Medication Choice and Associated Health Care Outcomes and Costs for Patients With Acne and Acne-Related Conditions in the United States
July 2011 | Volume 10 | Issue 7 | Original Article | 766 | Copyright © 2011
Palak Patel MS,a Hsien-Chang Lin PhD,b,c Steven R. Feldman MD PhD,d Alan B Fleischer Jr MD,d Milap C. Nahata MS PharmD,e Rajesh Balkrishnan PhDb,c
aClinical and Administrative Pharmacy, College of Pharmacy, University of Georgia, Athens, GA bClinical, Social and Administrative Sciences, College of Pharmacy, University of Michigan, Ann Arbor, MI cCenter for Medication Use, Policy and Economics, University of Michigan, Ann Arbor, MI dCenter for Dermatology Research, Wake Forest University, Winston-Salem, NC ePharmacy Practice and Administration, College of Pharmacy, The Ohio State University, Columbus, OH
Background: Acne is a common condition for which multiple treatment options are available. The patterns of pharmacotherapy for
acne and similar conditions, and the effect of those patterns on cost, are not well characterized.
Objective: This study examined the impacts of patient demographics and medication choices on patients' health status and associated medication costs.
Methods: A retrospective cross-sectional study was conducted using the 2007 Medical Expenditure Panel Survey (MEPS) database. Information on patient demographics, health status, medication utilization and medication costs was obtained from the database representing 3,784,816 patients with acne and similar conditions.
Results: Weighted multiple linear regression analyses indicated that the use of topical retinoids was preferred in combination with other treatments rather than as monotherapy. Oral antibiotics were widely prescribed and their use was associated with a significant decrease in total annual prescription spending. Use of oral retinoids and oral contraceptives increased the annual prescription costs significantly. Increase in annual drug refills was not associated with the improvement in health status.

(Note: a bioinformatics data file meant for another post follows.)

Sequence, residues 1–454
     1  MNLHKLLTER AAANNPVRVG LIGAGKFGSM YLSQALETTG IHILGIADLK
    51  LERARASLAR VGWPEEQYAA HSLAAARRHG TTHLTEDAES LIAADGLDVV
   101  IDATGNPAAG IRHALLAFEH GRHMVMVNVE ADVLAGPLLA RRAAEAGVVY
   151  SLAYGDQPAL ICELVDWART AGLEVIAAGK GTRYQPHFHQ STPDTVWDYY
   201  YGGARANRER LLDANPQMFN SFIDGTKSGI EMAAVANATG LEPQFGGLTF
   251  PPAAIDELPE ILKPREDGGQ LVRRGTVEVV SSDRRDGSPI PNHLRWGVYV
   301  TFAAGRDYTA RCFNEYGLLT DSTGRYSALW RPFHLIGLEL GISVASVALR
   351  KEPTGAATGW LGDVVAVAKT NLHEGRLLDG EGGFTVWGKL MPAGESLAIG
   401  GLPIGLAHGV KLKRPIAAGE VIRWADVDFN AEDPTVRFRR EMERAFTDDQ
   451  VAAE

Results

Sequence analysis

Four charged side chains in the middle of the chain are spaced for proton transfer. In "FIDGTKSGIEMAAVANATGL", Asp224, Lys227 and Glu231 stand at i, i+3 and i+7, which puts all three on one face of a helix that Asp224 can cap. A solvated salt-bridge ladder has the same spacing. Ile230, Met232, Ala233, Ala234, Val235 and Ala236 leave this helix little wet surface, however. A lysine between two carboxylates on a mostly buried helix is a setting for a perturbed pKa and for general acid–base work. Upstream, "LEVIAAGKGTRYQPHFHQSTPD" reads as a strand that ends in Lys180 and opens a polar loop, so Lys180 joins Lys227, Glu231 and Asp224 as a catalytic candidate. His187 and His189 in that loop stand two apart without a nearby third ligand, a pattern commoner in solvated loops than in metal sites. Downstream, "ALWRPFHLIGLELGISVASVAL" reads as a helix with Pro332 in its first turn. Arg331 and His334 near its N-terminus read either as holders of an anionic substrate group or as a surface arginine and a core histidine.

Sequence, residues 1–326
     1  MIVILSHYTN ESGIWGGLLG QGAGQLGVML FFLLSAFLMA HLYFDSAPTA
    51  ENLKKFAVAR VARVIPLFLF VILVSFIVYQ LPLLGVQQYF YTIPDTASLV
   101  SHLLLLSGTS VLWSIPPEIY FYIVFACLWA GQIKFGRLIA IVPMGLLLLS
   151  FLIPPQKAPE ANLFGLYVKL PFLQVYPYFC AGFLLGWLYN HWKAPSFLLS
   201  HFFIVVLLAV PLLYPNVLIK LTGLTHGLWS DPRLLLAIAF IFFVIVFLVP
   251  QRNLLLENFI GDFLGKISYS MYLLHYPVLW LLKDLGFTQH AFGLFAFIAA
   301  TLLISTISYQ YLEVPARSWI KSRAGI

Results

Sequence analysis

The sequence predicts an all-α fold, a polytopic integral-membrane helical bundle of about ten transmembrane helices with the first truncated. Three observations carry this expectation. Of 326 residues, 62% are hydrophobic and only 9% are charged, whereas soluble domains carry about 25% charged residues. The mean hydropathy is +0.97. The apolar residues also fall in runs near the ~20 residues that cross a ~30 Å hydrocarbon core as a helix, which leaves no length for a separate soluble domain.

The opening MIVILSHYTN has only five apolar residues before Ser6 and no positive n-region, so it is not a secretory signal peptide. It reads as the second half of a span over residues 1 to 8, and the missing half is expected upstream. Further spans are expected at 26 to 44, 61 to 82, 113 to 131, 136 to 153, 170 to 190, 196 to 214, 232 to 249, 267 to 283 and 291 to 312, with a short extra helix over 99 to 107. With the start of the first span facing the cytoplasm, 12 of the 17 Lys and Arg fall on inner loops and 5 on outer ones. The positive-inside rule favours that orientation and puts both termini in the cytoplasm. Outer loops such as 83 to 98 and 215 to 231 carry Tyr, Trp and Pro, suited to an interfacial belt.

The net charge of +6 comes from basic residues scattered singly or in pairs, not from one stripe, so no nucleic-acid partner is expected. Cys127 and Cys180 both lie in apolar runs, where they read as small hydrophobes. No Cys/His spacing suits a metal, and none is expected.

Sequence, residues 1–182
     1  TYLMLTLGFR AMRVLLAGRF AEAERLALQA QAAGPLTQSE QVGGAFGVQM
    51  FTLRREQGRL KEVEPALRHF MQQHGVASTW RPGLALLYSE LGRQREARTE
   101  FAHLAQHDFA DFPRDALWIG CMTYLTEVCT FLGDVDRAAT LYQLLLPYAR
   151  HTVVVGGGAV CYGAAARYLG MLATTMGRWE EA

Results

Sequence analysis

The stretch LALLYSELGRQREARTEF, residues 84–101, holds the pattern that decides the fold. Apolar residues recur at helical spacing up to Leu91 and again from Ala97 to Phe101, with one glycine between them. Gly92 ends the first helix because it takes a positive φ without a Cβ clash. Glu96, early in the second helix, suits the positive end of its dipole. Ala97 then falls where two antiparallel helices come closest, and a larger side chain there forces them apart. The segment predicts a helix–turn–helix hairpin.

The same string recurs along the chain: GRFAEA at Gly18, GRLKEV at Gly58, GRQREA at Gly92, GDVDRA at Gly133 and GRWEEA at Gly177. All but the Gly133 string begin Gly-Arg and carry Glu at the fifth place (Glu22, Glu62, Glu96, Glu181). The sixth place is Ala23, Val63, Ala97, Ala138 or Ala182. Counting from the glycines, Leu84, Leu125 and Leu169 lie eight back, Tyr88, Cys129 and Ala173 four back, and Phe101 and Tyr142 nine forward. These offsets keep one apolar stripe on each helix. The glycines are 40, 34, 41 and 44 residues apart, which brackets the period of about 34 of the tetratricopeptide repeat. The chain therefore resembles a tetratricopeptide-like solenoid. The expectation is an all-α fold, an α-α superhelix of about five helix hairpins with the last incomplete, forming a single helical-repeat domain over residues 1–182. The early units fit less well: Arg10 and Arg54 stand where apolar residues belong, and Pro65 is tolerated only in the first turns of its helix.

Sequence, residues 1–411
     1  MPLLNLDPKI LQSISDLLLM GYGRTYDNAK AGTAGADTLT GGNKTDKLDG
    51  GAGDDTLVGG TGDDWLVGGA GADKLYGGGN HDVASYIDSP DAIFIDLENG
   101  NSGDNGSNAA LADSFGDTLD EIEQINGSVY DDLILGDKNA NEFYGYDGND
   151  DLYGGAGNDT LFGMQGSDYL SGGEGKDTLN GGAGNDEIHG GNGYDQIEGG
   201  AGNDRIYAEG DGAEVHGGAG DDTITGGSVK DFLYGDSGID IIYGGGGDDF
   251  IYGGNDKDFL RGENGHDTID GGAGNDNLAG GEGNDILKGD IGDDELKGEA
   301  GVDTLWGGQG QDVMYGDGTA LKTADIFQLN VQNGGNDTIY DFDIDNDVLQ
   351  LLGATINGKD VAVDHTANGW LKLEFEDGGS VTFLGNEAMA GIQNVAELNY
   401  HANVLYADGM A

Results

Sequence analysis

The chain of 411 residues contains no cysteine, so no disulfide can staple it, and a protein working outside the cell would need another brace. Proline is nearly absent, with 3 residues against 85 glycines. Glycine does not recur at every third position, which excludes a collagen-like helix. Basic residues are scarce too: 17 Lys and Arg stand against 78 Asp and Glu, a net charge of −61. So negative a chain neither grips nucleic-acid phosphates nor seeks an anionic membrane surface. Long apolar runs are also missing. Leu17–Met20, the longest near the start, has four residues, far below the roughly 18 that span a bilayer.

Conclusion: We observed an association with medication choice for acne and acne-related conditions on medication spending. Pharmacologic treatment of acne significantly adds to acne-related annual healthcare costs compared to non-pharmacologic treatment.
J Drugs Dermatol.2011;10(7):766-771.
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Acne is one of the most common skin diseases in the United States, affecting more than 85 percent of adolescents and frequently continuing into adulthood.1 Approximately 95 percent of the population is affected by acne at some time during their lives.2 There is a tremendous number of visits made to both generalists and dermatologists for the treatment of acne, as it is one of the most common disorders.3 The direct cost of acne treatment in the United States is estimated to be more than $1 billion per year and approximately $100 million is spent on over-the-counter acne medications.4 Medications are thought to be significant predictors to the billions of dollars spent on the treatment of acne.3 Because of the limited healthcare resources available, the importance of pharmacoeconomics for the treatment of diseases such as acne has increased over the years.
Standard treatment for acne is topical therapy.5 Topical retinoids play a pivotal role in both the early and maintenance phases of acne management.5 Topical antibiotics such as clindamycin can be used effectively for the treatment of acne.5 However, long term use of these antibiotics is associated with the development of bacterial resistance to these drugs.5 Therefore, the combination of antibiotics with other treatments such as topical retinoids and/or benzoyl peroxide is preferred. Combination therapy is widely used in the management of acne, with the exception of pure comedonal acne.6 Combination of adapalene 0.1% with bezoyl peroxide 2.5% is found to be more effective than monotherapy with either agent, and one study also reported that this fixed dose combination gel is as well tolerated as adapalene gel and benzoyle peroxide gel alone in terms of cumulative irritation.7,8 Fixed dose combination products also improve patient convenience, resulting in improved patient adherence.9 Use of topical retinoids is recommended in combination with an antimicrobial agent as first line therapy for most patients with acne to target multiple pathogenic features and both inflammatory and noninflammatory acne lesions.9